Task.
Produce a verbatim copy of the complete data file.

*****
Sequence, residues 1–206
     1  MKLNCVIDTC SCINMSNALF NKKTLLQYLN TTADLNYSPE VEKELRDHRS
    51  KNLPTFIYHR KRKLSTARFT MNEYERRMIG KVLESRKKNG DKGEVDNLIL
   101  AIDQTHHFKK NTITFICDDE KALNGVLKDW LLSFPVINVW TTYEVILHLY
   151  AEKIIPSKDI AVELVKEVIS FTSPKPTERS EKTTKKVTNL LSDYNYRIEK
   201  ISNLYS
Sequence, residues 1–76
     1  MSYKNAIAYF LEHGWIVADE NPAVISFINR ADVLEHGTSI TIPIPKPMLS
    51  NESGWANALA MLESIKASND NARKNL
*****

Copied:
Sequence, residues 1–206
     1  MKLNCVIDTC SCINMSNALF NKKTLLQYLN TTADLNYSPE VEKELRDHRS
    51  KNLPTFIYHR KRKLSTARFT MNEYERRMIG KVLESRKKNG DKGEVDNLIL
   101  AIDQTHHFKK NTITFICDDE KALNGVLKDW LLSFPVINVW TTYEVILHLY
   151  AEKIIPSKDI AVELVKEVIS FTSPKPTERS EKTTKKVTNL LSDYNYRIEK
   201  ISNLYS
Sequence, residues 1–76
     1  MSYKNAIAYF LEHGWIVADE NPAVISFINR ADVLEHGTSI TIPIPKPMLS
    51  NESGWANALA MLESIKASND NARKNL